Abandoning most of our possessions before moving across the country, moving in with Kat after years of living separately, and moving into our own apartment after nine months in a B&B, has sparked the inner interior decorator in Kat & I. We’re settling in and making our boathouse-on-the-inlet a home by adorning it with things, little things, that we have chosen ourselves.
The most noticeable change in my morning routine has been the manner in which I prepare my coffee. One of the few small appliances that survived the cross-country move was Kat’s burr coffee grinder, the first choice of coffee snobs the world over. The trouble I have with electric grinders is that they’re just too damn loud for my foggy, sleep-addled brain to deal with first thing in the morning. The electric grinder would disturb the eagles too, who seemed to peer in at me through the kitchen window as often as I peer out at them.
Worse was the uncommon but not rare occasion when I would wake up and the apartment would be without power after a particularly blustery storm. I’ve been reduced to boiling water on the barbecue to pour through the filter of the automatic drip coffee maker, but without ground beans coffee just was not going to happen.
I began grinding my coffee beans the night before, a cardinal sin for coffee snobs such as we, secure in the knowledge that coffee would happen the next day, no matter what (even if the grounds were a tad stale.)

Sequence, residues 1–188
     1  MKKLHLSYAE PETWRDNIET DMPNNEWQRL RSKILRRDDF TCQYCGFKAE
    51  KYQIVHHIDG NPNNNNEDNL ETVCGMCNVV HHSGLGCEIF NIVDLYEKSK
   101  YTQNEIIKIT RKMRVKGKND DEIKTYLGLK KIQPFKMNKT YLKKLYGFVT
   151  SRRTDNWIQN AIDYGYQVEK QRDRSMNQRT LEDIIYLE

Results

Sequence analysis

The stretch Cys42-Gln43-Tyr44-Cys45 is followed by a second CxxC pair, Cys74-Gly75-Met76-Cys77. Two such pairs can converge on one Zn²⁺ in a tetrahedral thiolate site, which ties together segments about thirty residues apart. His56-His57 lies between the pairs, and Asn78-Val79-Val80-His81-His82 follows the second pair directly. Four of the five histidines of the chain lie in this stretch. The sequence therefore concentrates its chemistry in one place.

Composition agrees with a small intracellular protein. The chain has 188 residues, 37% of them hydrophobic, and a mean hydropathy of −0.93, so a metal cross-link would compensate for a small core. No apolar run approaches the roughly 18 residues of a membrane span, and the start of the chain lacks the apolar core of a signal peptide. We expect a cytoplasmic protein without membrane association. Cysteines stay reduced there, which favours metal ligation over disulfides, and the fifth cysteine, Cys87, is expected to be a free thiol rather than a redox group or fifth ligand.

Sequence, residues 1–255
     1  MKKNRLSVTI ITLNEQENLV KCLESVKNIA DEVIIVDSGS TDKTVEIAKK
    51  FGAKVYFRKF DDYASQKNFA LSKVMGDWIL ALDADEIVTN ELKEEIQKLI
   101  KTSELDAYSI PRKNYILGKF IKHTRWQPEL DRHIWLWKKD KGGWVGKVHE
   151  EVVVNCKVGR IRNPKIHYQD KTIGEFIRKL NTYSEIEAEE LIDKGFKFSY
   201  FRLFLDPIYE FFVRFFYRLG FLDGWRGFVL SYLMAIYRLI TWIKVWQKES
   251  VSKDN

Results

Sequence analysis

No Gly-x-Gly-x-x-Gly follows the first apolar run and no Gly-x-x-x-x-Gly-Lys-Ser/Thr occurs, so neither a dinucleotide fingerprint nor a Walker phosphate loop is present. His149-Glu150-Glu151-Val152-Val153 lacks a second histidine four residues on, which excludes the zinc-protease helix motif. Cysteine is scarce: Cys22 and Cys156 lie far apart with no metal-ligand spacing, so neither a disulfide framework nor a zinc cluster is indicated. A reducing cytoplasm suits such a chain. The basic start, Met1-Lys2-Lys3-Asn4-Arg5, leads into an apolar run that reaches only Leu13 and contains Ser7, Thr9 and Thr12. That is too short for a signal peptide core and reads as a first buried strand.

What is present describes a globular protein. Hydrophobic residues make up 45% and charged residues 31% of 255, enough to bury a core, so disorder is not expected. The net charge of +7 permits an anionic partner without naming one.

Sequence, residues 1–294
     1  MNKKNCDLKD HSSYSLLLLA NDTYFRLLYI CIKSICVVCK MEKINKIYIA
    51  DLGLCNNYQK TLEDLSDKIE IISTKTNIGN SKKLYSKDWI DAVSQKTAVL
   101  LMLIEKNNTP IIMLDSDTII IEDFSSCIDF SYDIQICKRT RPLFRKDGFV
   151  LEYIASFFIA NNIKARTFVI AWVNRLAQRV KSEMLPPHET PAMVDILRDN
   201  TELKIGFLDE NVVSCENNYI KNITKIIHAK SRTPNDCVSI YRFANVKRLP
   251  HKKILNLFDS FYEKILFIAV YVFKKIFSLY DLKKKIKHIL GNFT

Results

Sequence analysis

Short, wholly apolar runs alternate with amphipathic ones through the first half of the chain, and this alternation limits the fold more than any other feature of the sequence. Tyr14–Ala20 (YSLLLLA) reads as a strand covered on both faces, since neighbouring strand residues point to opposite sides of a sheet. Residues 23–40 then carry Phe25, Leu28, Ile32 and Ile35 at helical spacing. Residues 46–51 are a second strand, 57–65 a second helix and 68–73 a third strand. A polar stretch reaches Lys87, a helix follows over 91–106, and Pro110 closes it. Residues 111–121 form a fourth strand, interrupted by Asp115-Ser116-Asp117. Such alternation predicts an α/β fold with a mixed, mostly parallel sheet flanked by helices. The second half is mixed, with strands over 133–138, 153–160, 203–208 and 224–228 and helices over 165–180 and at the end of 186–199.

Until the day the electric grinder broke.
No coffee at home.
And dammed if I was going to buy another domestic coffee grinder, mere months before we’d be obliged to purchase a commercial one. I wanted a grinder I could count on, one that would work in the cold mornings the power had failed, one that would not break and if it did, it could be fixed. I went old. Antique in fact. I bought a hand-crank grinder, a little wooden one with a drawer and a steel grinding mechanism that had survived sixty years and counting. The grind can be adjusted by turning a screw, though the finest grind setting on this beauty would be suitable only for drip coffee.
I’ve developed a bit of an infatuation with antique kitchen implements. Pyrex started it. Back in Toronto, three Pyrex mixing bowls that Kat had inherited from her mother participated in the preparation of every meal we had at her place. One small bowl survived the move by doing water-dish duty in one of the animal’s kennels.
But as we settled into the B&B for the winter, I found myself pulling out that milk-glass dish with the sunrise print for every meal. It was the perfect size, shape and weight for every small job. I mourned it’s loss when it was again pressed into water-dish duty for a friend’s dog and accidentally rode away with them, never to return.
We’ve started collecting Pyrex refrigerator dishes, brightly coloured rectangular dishes with clear glass lids that stack beautifully and look appealing in fridge or cupboard. Pyrex milk glass coffee mugs mingle with our hand-thrown clay collection from Ontario. New glass baking dishes replaced the exploded one. Vintage patterned Pyrex mixing bowls replaced the lost one. Pyrex seems to have everything a kitchen needs.